Jane Irving

REVIEW: Jane Irving “Don’t Quit Now”


Jane Irving – Don’t Quit Now

With this set, I sat back with a glass of Balvenie single malt Scotch whisky & an Oliva Maduro cigar. I had to get the full effect of this young chanteuse Jane Irving whose music put me directly in a piano bar atmosphere in an intimate setting. While it isn’t dramatic, never intense – it’s indeed genuinely personal & she comes across with musical integrity.

I hear a tinge of Anita O’Day in her styling. Ms. Irving (vocals) while being an original will tailor an approach to suggest giants before her as she performs with the same ease, accuracy & smooth showmanship that came before her. “Let the Flower Grow,” is extremely mature vocalizing with a penetrating stately upright bass solo (Kevin Hailey). A wonderful composition.

Part of Jane Irving’s attraction is her fleecy pensive class that each song rendition offers. The 11-cut Don’t Quit Now (Drops March 31–Independent) provides effortless songs. There’s a sublime cool about her that follows like the cigarette smoke of a passing socialite back in the noir streets of NYC’s legendary 52nd St. back in the day. Her tonality has authority & though presently she shares space with Diana Krall, I find Ms. Irving closer to the deviant speakeasy circuitry as opposed to the showbiz jazz. Her inflection on certain words & phrasing seems cultivated in the environment of bootleggers, strippers & jazzmen with sly grins & street smarts. She has the reinforced ebullience of a bygone era.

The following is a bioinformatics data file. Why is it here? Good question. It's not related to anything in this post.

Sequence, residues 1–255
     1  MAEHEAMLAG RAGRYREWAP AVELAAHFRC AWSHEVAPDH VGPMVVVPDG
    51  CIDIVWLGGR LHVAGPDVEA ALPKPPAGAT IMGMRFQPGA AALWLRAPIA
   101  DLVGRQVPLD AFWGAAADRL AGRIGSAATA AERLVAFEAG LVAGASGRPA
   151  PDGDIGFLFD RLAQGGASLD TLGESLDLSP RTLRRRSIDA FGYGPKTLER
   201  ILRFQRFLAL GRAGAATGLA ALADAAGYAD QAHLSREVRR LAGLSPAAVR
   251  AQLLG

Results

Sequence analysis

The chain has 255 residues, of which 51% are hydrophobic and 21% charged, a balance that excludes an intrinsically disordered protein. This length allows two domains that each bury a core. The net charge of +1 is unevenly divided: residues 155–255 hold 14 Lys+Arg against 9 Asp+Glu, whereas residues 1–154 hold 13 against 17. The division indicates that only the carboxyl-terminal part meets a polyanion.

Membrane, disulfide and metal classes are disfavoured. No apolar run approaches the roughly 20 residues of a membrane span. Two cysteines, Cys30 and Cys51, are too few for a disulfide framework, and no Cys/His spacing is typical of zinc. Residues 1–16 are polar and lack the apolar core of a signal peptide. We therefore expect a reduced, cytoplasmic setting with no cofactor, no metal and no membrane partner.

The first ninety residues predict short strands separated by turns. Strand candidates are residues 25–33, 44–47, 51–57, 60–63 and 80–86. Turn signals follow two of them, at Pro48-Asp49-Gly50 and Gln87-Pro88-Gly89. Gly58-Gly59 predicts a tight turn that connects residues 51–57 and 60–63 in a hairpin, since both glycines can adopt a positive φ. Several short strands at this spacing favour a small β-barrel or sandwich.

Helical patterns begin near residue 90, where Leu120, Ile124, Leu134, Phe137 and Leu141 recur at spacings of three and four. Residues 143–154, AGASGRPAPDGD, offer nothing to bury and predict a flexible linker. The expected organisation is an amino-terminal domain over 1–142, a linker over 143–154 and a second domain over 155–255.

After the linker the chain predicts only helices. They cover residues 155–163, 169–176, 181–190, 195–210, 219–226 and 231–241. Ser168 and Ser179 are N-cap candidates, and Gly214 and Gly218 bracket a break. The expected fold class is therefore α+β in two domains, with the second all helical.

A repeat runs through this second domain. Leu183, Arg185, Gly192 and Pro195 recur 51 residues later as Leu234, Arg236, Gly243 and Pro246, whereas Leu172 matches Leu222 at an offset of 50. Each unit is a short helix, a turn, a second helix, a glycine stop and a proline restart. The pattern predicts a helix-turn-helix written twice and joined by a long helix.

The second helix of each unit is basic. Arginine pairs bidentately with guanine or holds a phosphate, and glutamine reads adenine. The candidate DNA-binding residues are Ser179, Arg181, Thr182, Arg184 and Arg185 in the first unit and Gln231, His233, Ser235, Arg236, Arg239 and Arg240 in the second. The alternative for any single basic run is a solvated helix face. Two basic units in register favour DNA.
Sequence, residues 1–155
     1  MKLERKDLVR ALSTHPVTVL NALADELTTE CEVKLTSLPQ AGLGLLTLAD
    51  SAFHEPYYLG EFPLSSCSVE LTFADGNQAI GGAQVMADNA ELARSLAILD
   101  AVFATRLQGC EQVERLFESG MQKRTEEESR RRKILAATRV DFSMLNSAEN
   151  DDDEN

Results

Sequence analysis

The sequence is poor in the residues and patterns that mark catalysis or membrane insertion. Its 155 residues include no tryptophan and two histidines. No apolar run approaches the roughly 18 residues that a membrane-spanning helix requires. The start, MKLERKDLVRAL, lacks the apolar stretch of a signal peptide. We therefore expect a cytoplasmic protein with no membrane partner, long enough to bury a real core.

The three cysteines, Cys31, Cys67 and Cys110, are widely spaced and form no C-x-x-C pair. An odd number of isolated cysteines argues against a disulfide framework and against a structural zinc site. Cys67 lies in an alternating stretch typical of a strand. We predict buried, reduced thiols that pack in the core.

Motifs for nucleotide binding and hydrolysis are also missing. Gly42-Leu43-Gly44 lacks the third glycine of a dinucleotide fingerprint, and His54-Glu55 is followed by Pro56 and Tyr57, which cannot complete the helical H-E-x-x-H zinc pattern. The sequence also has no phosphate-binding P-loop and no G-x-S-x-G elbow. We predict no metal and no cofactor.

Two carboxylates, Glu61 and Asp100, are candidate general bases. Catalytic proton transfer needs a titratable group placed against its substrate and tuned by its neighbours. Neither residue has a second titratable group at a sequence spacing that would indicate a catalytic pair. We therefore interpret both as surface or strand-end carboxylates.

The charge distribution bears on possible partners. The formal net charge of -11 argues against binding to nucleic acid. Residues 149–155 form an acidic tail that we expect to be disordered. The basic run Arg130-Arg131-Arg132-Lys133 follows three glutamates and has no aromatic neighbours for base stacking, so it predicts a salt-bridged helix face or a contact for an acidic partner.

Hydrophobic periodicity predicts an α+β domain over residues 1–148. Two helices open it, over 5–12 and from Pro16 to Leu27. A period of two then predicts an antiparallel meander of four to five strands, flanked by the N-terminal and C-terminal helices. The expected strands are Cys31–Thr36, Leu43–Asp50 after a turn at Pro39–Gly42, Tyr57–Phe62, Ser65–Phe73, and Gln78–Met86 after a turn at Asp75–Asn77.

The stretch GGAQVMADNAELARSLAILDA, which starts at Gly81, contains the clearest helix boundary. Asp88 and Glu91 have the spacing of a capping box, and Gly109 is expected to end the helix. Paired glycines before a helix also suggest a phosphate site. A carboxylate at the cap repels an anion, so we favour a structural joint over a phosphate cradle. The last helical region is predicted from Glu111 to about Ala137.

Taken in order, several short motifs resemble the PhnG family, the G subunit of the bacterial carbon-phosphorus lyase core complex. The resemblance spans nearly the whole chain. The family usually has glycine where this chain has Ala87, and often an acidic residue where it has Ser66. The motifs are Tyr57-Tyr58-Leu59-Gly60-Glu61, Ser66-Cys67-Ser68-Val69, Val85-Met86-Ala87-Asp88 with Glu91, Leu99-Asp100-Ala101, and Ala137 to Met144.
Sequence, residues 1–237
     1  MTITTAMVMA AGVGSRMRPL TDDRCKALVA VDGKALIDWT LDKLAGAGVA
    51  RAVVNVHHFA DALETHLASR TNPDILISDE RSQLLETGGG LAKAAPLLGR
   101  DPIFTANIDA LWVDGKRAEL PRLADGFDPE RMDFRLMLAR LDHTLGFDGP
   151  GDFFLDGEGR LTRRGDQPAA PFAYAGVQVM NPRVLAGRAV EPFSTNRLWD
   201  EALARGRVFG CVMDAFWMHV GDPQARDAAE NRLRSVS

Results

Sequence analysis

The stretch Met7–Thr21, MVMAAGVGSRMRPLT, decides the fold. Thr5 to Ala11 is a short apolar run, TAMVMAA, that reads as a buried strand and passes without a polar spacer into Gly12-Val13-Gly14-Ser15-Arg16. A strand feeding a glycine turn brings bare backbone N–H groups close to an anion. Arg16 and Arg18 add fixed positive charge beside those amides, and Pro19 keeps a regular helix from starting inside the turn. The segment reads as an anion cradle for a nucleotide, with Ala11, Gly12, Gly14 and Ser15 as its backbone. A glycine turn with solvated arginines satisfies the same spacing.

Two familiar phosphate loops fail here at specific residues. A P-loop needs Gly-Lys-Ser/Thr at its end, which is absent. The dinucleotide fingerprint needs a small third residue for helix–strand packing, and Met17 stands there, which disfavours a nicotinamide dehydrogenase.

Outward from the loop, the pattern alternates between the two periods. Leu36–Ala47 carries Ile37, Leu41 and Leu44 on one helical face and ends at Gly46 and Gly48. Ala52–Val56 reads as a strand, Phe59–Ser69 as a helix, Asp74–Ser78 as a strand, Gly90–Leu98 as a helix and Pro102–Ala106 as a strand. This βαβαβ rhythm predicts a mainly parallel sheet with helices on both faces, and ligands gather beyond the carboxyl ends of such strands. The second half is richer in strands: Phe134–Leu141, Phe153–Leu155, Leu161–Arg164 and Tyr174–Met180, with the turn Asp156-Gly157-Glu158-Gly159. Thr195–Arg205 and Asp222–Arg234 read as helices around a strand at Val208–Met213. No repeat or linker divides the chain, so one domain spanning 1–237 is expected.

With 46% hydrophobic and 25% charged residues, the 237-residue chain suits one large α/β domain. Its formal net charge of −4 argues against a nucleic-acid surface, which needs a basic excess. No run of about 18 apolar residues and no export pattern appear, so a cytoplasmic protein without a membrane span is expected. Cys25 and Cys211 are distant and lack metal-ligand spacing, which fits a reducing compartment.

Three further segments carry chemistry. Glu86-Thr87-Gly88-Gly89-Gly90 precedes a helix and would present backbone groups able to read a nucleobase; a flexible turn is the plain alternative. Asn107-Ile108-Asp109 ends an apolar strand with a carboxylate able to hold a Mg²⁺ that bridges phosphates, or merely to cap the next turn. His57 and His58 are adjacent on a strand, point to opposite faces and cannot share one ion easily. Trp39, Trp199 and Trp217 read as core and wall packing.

Many tunes are filled with nostalgia with a pinch of modern enthusiasm & skill. Sydney, Australia born & about as far from NYC jazz as you could get Ms. Irving ironically makes her home of 11 years in NYC & she wears it like a warm coat. Her cover of “A Night In Tunisia,” has a jazz-bacon sizzle. Support comes from Josh Richman (piano/arranger), Kayvon Gordon (drums ) & Hailey (bass).

The slightly humorous lyric show tune of “Someone’s Been Sending Me Flowers,” is mindful of Madeleine Peyroux. Many female jazz singers have good voices but the trick to a jazz ideal is feeling. Billie Holiday didn’t have a pristine voice like Ella Fitzgerald or Lena Horne, but she had authenticity & feeling. In “Alice In Wonderland,” Jane combines her jazz with the showmanship of Judy Garland & lets out the showboat slack by allowing her voice to add color then drifts easily on the waves of piano notes with an instinctive improvisatory touch.

She’s inherited the jazz spirit & could stand to record some sassier tunes ala Julie London & Peggy Lee. If she should choose to spread out musically, show tunes would be a good gig. She has theatrical vocal tenacity. Her music is a romance emporium.

Highlights – “Baby Don’t You Quit Now,” “Spring Song,” “Let the Flower Grow,” “Love Dance,” “A Night In Tunisia,” “Someone’s Been Sending Me Flowers” & “Alice In Wonderland.”

Color image courtesy of Ms. Irving’s website & music samples are there too. CD @ iTunes + http://www.janeirving.com


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